banner
Business

Delay doesn't diminish business disdain for health law

Posted July 3, 2013

Map Marker  Find News Near Me

— Even with a one-year delay for a key provision of the Affordable Care Act, North Carolina businesses continued to criticize the national health care reform law on Wednesday.

The White House unexpectedly announced Tuesday that businesses with at least 50 employees have until January 2015 to provide health insurance to their workers or face a fine. The mandate was supposedly take effect next January, but the Obama administration relented after small businesses nationwide complained about the cost and complexity of the law.

The North Carolina Chamber believes businesses need more time to understand the financial impact of the law.

"Health care is a top-of-mind issue for North Carolina businesses, cited as one of the key costs impacting job creation and retention," Gary Salamido, the chamber's vice president of government affairs, said in a statement. "As the ACA is coming to bear, many businesses are beginning to incur greater costs. However, they do not know what the health care costs are going to be in the next few years. This uncertainty is a large factor in growing the employment base."

Schulz Iron Works in Raleigh is holding back on hiring even though its business is up by 30 percent.

Manufacturing generic, Schulz Iron Works Businesses still uncertain about health law's impact

Vice President David Schulz said the company could easily add 12 to 15 people to its 39-person payroll, but there are no plans to hire them because of the Affordable Care Act.

"I never want to show that I go over 50 (employees) even if I need them," Schulz said. "What I had to do was be smarter and sub out a division of the project to another company."

The company, which peaked at 75 workers before the recession, dropped employee health coverage four years ago because of the cost, he said.

"We just couldn't afford to provide it," he said. "It's my dream to provide health care for the men, but the economy won't allow us to provide it."

12 Comments

This story is closed for comments.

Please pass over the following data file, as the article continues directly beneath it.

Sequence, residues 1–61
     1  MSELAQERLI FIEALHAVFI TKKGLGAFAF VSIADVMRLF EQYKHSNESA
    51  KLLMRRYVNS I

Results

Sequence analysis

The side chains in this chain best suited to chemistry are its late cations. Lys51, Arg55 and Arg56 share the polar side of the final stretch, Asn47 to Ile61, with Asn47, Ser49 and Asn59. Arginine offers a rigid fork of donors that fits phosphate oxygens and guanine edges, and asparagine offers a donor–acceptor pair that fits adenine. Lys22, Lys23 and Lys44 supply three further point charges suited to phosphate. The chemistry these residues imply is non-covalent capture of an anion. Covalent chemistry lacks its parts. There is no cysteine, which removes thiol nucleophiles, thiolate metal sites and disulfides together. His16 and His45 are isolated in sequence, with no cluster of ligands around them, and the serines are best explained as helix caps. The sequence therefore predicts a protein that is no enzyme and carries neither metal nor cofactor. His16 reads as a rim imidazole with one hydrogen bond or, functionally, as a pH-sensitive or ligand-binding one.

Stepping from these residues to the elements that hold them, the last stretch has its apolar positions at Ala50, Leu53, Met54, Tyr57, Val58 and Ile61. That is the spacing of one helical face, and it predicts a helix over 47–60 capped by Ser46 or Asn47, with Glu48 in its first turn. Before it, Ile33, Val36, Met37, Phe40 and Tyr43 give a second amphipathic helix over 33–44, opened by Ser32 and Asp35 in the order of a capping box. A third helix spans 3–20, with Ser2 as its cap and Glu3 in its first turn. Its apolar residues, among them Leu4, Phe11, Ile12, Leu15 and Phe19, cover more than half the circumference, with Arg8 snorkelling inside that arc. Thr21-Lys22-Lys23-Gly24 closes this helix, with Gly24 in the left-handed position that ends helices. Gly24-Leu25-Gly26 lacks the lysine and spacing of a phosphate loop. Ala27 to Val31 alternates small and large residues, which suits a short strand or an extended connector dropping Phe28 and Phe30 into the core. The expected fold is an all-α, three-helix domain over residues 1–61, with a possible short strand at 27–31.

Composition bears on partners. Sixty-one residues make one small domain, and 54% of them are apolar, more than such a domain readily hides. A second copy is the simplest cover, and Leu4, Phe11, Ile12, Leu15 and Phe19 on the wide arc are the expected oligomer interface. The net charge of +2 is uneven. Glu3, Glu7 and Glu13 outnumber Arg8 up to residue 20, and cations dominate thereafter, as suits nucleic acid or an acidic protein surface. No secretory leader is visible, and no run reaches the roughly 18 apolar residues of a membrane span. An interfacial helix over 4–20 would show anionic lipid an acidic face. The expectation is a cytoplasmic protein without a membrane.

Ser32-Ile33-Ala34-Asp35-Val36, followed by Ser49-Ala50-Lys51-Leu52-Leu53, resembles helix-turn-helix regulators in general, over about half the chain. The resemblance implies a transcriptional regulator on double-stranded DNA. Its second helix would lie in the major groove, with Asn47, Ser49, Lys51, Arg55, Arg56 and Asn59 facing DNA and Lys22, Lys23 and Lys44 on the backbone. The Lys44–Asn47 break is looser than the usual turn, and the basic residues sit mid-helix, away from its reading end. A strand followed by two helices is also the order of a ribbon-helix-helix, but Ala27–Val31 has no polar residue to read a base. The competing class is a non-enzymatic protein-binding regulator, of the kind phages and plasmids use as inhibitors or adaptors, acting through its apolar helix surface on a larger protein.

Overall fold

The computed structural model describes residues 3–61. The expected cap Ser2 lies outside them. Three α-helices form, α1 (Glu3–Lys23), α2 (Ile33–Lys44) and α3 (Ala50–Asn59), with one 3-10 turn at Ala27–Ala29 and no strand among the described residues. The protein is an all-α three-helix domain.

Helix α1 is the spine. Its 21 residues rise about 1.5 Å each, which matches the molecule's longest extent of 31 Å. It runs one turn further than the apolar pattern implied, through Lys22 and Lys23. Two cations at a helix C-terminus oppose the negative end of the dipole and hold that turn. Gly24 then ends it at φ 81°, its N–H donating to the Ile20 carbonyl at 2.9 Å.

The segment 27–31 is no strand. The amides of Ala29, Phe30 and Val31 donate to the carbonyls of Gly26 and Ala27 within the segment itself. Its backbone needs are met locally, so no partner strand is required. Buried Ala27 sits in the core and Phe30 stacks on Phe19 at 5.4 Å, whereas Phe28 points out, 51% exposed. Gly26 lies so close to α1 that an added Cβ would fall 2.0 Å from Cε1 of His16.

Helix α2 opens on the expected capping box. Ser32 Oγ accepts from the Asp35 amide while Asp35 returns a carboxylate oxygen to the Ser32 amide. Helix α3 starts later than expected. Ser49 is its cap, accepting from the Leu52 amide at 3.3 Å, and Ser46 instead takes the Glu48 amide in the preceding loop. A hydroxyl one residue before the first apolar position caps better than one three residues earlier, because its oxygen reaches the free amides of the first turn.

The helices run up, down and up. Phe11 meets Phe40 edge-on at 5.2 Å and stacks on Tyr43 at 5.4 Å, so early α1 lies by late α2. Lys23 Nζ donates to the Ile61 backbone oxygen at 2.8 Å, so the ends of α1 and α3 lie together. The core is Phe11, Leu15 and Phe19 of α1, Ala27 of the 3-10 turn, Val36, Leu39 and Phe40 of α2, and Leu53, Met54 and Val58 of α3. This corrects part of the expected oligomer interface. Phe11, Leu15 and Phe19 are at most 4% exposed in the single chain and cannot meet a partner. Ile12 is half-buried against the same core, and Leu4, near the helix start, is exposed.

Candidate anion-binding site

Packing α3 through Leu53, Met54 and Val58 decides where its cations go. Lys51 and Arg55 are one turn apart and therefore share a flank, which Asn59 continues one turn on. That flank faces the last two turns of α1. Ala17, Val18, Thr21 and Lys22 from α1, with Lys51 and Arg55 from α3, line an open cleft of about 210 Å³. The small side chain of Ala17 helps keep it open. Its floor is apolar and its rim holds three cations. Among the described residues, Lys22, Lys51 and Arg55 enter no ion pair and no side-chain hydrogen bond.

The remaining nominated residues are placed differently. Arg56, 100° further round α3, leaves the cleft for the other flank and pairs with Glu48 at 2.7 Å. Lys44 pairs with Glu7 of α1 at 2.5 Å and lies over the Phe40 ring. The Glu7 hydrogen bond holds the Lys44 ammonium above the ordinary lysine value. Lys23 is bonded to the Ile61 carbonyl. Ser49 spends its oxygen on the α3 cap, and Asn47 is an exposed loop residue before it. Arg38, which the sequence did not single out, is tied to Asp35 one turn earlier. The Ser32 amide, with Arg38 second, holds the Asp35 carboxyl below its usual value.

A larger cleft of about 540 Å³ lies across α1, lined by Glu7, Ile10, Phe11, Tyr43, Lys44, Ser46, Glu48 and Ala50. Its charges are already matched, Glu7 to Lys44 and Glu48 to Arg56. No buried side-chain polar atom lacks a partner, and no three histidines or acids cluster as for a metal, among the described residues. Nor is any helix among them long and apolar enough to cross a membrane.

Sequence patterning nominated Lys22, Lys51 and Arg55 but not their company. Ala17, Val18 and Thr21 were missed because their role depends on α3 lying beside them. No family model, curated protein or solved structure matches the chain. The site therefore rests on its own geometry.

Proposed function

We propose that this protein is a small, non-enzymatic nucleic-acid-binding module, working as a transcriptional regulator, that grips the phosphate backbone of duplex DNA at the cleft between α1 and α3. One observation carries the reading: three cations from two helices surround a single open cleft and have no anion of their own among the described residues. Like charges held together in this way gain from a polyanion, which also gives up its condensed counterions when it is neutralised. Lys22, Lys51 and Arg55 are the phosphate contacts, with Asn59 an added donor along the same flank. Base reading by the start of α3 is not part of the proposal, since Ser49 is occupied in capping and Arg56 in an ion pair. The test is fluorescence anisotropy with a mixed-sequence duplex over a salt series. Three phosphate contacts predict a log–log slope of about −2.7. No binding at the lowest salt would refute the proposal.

Oldest First
View all
  • dave17 Jul 9, 2013

    the main thing is getting the younger men and women to join in the group program to get group rate low. Other wise we will never get small buiesness able to get insurance. 401 is easy health insurance is numbers game

  • Wiser_now Jul 5, 2013

    "Obama administration relented after small businesses nationwide complained about the cost and complexity of the law"

    So are the politicians doing anything about the cost or complexity? How will January 15 2015 be any different than Januar 2014?

  • bill0 Jul 5, 2013

    "Want to know, SEE WORKER attitudes and Government regulations. Pension plans, if you do not shift to a 401K model, you are being an foolish."

    Big swing and a miss. There is dramatically less government regulation than there was 40 years ago.

    And 401k's are obviously cheaper for employers - and dramatically worse for workers. That is why businesses lobbied for the tax law (401k) that changed the tax treatments for individual retirement plans vs pensions. Before then, businesses only offered 401k style plans to top executives because they were more expensive.

    " Business being up 30 percent, does not mean REVENUE is up 30 percent and certainly does not necessarily mean BIG profits. "

    Read the article. And yes, revenue up 30% at a business with no additional employment expenses means your profits go up. Way up. Assuming an original 10% profit margin, a 30% increase in rev doubles your margins even if payroll was only your second biggest expense.

  • whatelseisnew Jul 5, 2013